Ottawa summit: allies get a chance to size up Reagan

By , Staff Correspondent of the Christian Science Monitor

President Reagan is setting out for his first summit meeting. The leaders of six other nations who meet with the President for two days at Chateau Montebello in Ottawa this weekend principally want three things: reduced US interest rates; a cheaper dollar; and assurance that America will undertake nuclear arms control negotiations with Soviet Union. They also want to size up Mr. Reagan.

Reagan's fellow heads of government -- representing West Germany, France, Britain, Japan, Italy, and Canada -- appreciate his political battle at home. Reagan hopes that if he can get his budget-tax cut package through Congress, the effect will be to control inflation, reduce interest rates, and open the world to better trade. As a preliminary he takes with him to Ottawa the new midyear economic forecast, which shows sluggish growth, an inflation rate that seems to have dropped slightly, and an interest rate that continues high.

Four of the seven leaders at Ottawa have not attended a meeting of big industrial democracies before, including Reagan himself; newly elected French Socialist Francois Mitterrand; Japan's Zenko Suzuki, whose economy is more dependent on exports than any other; and Italy's giovanni Spadolini, who comes from a nation wrenched by 19 percent inflation.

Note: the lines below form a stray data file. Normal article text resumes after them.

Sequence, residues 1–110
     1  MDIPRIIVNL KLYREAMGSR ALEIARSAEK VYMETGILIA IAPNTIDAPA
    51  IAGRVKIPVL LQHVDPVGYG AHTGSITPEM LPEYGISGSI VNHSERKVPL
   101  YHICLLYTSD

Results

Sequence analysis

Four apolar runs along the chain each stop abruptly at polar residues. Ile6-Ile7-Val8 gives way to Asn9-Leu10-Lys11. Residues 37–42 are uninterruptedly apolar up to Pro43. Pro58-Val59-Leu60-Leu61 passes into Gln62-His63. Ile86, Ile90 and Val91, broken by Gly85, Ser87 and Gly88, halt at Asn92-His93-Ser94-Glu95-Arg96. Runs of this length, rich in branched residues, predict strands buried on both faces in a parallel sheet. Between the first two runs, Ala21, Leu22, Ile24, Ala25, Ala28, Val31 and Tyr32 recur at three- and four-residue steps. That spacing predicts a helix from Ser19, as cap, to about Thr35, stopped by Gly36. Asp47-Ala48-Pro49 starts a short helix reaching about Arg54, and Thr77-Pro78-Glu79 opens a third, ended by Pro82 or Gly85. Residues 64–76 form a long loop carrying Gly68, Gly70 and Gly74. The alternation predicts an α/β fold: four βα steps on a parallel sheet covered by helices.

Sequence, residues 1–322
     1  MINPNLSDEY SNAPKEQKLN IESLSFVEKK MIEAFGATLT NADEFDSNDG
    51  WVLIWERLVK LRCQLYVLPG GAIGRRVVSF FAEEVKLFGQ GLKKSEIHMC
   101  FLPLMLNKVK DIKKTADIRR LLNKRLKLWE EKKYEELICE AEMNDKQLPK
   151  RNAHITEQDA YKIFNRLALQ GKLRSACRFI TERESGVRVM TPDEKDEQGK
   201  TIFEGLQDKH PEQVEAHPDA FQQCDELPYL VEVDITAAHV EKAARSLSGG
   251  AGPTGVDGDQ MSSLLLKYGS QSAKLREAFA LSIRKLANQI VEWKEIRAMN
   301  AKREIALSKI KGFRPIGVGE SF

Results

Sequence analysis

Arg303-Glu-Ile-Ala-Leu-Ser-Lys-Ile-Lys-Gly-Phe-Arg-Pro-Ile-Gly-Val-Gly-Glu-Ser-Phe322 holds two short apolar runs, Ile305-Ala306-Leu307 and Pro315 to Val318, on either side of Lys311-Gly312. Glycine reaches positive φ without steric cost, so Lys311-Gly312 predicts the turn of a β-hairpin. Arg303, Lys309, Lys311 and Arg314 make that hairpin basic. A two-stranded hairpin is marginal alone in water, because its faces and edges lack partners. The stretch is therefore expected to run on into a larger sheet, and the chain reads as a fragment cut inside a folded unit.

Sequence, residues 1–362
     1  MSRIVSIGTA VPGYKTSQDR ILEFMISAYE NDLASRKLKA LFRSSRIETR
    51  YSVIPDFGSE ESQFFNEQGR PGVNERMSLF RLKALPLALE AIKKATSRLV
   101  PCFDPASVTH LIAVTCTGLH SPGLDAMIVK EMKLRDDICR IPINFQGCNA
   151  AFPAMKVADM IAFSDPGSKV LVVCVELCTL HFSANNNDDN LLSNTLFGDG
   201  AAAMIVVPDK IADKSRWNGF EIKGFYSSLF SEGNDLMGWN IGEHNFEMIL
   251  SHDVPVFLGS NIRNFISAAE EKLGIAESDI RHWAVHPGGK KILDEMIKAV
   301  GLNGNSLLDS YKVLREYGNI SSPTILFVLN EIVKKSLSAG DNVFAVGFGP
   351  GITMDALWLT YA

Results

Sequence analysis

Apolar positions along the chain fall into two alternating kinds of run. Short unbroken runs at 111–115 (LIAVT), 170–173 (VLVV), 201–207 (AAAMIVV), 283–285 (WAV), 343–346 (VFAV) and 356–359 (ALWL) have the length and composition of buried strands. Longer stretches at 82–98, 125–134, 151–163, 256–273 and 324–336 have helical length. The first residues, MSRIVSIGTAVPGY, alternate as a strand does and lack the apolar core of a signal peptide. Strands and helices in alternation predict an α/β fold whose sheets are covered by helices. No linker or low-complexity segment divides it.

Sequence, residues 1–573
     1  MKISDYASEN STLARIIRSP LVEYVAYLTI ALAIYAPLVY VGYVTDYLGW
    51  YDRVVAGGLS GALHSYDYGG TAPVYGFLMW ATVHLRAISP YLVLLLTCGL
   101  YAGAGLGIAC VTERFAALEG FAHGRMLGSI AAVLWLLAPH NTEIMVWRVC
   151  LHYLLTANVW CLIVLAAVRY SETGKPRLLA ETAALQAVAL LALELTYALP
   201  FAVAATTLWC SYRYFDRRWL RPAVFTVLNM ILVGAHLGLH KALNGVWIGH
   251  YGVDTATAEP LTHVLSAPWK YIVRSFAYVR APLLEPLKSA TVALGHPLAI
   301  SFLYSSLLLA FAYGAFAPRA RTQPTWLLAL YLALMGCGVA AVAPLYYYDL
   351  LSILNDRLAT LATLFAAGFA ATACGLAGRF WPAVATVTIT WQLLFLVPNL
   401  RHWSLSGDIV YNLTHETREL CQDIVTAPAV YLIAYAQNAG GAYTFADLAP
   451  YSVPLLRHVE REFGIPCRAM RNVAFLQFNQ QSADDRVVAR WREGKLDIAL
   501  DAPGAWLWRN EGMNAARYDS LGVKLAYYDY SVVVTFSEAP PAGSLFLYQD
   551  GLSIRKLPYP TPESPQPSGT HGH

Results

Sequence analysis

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The Ottawa atmosphere is expected to be cooperative but with what has come to be called ironically in Washington the "summit syndrome" -- the tendency by other nations to look to the United States as leader but at the same time as a scapegoat for what goes wrong. Two years ago, the US was criticized for not mastering inflation, and for a "week" dollar. Americans now argue that they are being blamed for doing what their partners previously advocated. The US has tightened interest rates to combat inflation, and now the relative value of the dollar has soared, with far-reaching effects on international trade.

The Reagan-Mitterrand relationship will be watched particularly closely at Ottawa. Both men are newcomers, deeply committed to radical economic programs, which happen to be nearly opposite in approach.

Reagan wants to reduce the size of government, rejects centralization, and would slash the budget. Socialist Mitterrand advocates nationalization of some industries and would extend social services. He places job-creation first and faces an inflation rate that averaged 11.75 percent last year (US equals 9 percent).

It will be the quiet personal exchanges between leaders which, in the long run, may be more important than specific plans. An underlying feature is the enigmatic nuclear relationship with the Soviet Union. Reagan will quietly note that of a federal budget of $700 billion next year, the US proposes to spend $ 184 billion for defense.

Helmut Schmidt may bring to Reagan's attention West Germany's economic difficulties -- a deficit gap four times the US in comparison with gross domestic product. Germany is weary of defense costs and wants assurance that the US will reopen arms limitation talks with Moscow. It is significant that Secretary of State Alexander M. Haig Jr. made his New York speech on arms control just before Ottawa. For the first time he set a target for talks with Moscow, "between mid-November and mid-December." But these are negotiations for reducing nuclear weapons in Europe. Talks on overall s trategic arms limitation are still not in sight.

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